US Supreme Court reverses Colorado Supreme Court’s decision to ban Trump from the ballot

The 13-page opinion reversed Colorado's Supreme Court ruling that Trump was ineligible to appear on the ballot under Section 3.


Ruling that states cannot disqualify former President Donald Trump from the upcoming presidential ballot, the Supreme Court of the United States passed down an unsigned opinion from a majority of the justices yesterday. The case, which started last year in a state court in Colorado, tried to disqualify Trump from holding office for his alleged role in the Jan. 6 attacks on the U.S. Capitol.

All nine justices ruled that Colorado cannot remove Trump from the ballot and enforce Section 3 of the 14th Amendment, which was put in place to “help ensure an enduring Union by preventing former Confederates from returning to power in the aftermath of the Civil War.”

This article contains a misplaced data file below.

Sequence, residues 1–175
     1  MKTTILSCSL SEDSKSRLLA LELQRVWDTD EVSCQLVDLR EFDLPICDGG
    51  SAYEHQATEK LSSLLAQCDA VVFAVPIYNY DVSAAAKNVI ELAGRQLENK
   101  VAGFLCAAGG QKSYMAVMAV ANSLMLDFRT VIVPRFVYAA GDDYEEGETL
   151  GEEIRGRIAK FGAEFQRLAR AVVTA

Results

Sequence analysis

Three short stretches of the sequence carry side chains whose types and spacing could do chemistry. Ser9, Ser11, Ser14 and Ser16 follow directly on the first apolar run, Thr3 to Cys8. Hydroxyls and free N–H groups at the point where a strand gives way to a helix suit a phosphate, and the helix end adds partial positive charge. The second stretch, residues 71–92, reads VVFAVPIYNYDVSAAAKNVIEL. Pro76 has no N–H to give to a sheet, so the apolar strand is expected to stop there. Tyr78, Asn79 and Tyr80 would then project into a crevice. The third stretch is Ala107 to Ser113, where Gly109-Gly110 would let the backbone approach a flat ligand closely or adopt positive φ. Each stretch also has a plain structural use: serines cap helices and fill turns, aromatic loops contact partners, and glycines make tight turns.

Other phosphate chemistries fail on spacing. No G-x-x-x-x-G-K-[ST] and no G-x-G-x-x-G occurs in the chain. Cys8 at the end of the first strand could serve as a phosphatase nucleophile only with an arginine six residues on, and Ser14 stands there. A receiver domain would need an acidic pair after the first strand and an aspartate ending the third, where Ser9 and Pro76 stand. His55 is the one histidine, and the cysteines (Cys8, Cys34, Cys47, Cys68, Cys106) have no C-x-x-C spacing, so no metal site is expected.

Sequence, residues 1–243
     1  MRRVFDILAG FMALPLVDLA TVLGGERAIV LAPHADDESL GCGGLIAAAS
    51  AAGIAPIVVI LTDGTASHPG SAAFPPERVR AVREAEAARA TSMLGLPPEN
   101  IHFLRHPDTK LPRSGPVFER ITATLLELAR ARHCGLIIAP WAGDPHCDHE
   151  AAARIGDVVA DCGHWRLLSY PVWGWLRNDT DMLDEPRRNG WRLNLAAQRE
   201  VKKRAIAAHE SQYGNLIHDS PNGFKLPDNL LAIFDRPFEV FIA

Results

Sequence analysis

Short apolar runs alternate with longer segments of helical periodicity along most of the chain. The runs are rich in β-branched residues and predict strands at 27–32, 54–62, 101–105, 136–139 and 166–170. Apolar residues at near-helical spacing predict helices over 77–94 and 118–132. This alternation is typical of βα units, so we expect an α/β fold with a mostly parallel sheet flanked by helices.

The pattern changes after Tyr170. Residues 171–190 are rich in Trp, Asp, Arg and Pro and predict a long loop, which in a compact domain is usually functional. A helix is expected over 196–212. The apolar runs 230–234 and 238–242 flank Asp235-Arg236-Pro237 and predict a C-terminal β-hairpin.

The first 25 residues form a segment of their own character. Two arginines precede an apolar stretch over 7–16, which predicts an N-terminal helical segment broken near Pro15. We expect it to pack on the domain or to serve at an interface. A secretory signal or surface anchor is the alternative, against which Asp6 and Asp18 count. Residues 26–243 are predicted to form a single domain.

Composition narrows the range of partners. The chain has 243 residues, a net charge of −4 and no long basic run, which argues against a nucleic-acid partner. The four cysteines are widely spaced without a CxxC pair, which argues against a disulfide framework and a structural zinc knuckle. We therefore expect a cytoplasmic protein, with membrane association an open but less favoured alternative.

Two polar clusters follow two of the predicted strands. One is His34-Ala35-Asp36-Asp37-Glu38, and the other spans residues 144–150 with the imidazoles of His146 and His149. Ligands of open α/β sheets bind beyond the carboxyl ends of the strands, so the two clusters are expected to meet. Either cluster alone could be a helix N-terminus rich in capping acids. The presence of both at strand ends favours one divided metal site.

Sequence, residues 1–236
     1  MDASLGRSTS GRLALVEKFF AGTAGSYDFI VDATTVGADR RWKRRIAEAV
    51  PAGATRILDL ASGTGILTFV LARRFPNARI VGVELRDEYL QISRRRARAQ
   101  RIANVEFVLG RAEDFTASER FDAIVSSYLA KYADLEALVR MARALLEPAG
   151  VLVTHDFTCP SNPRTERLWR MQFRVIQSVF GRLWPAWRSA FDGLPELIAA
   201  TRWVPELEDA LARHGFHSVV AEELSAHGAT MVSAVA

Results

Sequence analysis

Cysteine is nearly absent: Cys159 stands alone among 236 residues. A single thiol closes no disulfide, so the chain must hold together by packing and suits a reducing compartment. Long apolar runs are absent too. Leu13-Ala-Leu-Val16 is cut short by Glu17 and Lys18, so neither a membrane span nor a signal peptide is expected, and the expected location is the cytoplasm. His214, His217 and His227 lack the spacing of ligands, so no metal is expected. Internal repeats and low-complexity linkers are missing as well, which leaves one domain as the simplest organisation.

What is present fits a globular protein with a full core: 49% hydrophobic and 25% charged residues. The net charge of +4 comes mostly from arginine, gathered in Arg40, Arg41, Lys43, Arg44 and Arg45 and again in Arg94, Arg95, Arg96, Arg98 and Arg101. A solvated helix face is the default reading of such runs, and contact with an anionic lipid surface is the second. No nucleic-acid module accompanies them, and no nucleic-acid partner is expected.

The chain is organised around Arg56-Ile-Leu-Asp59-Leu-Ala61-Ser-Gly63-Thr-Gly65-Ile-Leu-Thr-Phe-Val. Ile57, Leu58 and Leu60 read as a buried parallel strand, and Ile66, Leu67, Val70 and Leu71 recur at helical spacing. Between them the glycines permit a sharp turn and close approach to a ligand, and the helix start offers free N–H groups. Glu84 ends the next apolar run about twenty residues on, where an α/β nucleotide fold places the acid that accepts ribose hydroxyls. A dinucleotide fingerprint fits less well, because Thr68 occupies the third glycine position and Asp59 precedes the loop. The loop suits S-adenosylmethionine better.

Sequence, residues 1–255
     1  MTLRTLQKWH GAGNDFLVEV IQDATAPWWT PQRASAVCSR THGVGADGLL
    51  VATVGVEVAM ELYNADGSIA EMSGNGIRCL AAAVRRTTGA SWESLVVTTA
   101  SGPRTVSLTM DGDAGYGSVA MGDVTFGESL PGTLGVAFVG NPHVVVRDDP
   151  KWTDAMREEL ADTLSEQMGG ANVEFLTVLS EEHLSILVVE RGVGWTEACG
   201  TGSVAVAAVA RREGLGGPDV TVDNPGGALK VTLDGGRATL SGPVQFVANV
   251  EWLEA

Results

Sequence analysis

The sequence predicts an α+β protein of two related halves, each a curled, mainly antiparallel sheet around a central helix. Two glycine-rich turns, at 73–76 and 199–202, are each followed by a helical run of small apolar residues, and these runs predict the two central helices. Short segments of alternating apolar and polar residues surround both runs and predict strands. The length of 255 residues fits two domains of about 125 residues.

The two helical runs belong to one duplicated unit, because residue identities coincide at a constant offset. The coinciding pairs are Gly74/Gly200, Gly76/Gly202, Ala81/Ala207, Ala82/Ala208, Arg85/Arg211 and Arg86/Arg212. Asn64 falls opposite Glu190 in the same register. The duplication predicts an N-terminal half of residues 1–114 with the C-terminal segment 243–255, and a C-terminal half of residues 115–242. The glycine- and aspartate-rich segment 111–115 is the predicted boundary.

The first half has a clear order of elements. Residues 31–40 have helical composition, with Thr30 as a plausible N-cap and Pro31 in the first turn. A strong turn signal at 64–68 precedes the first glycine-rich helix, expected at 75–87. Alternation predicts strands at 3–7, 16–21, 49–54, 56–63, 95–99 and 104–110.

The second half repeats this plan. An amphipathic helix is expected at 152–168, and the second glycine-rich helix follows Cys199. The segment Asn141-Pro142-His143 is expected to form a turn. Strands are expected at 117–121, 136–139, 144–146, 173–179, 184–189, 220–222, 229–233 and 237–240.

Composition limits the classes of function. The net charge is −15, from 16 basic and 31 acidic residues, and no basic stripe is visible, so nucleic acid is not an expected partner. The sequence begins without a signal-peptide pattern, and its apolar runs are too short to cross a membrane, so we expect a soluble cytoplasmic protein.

“But the notion that the Constitution grants the States freer rein than Congress to decide how Section 3 should be enforced with respect to federal offices is simply implausible,” the Supreme Court said.

The 13-page opinion reversed Colorado’s Supreme Court ruling that Trump was ineligible to appear on the ballot under Section 3.

The justices said that allowing states to enforce Section 3 for federal candidates could create a “patchwork” in which “a single candidate would be declared ineligible in some States, but not others, based on the same conduct (and perhaps even the same factual record).” And went onto say that this could “dramatically change the behavior of voters, parties, and States across the country, in different ways and at different times.”

“Nothing in the Constitution requires that we endure such chaos,” the Supreme Court said.


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